The spinning cursor - it's a sign that a program on your computer just crashed and it’s an issue Sioux Falls students encountered this spring when they were taking the new Common Core tests.
"I call it the rotating cursor where your computer locks and you can't go front, forward, nor backward," Sioux Falls School District Director of Curriculum Sharon Schueler said.
A report presented to the Sioux Falls school board Monday night lays out the issues students had with the new Smarter Balanced Assessment tests.
The Smarter Balanced Assessment, or SBA, crashed on several students in the Sioux Falls district while they were taking the online testing this spring. The answers were saved but students were forced to log out and then log back in. It’s just one of the issues reported.
One of the biggest issues was that SBA had to delay testing for some schools a week because of undisclosed 'issues' the system was experiencing; it disrupted the schedule of schools that planned to start testing on the first day.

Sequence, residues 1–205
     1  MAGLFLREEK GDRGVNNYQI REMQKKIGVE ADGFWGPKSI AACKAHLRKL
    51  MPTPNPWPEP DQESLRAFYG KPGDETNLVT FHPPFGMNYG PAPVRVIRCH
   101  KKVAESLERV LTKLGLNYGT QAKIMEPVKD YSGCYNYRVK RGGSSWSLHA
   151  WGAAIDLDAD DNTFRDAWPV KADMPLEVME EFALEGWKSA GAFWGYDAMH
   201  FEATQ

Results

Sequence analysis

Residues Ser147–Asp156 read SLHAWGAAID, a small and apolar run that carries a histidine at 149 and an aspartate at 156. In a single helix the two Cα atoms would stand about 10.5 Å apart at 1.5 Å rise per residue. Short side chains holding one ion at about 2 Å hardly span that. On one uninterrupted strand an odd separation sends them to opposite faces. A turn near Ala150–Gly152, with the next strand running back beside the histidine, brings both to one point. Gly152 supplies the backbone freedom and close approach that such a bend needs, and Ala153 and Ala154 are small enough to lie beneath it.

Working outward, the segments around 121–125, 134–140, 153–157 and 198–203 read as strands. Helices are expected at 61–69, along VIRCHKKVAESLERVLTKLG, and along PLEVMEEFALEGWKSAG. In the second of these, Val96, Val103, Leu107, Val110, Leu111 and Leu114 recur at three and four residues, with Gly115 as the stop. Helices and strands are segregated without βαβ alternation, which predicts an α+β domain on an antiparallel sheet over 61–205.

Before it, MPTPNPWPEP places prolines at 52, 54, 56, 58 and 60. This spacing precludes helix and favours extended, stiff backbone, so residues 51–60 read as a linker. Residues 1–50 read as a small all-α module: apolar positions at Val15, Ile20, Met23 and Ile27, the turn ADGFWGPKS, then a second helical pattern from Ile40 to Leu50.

"Our schools and principals, we are very flexible, so they were able to just readjust their schedules and move forward from there," Schueler said.
Republican state Representative Jim Bolin of Canton has been outspoken in his opposition to Common Core but is not too concerned with the technical problems.
"If there are questions as to the technical aspects of the test, I believe those will be solved especially if you're going to be spending as much money as the folks are that are supporting the Smarter Balanced test," Bolin said.
Bolin, however, did sponsor unsuccessful legislation which would have allowed students to opt out of the testing. Sioux Falls officials say about a dozen students were required to take the test this spring despite opposition from their families.
"It might produce better test results but that doesn't mean that we're going to have a better educational situation where students can actually think and come to conclusions as to the fundamental issues," Bolin said.
Sioux Falls district officials also report that students in the lower grades - like third grade- had trouble typing out extended answers on the test because they lack keyboarding skills. The district has already made the move to start teaching keyboarding classes in third grade.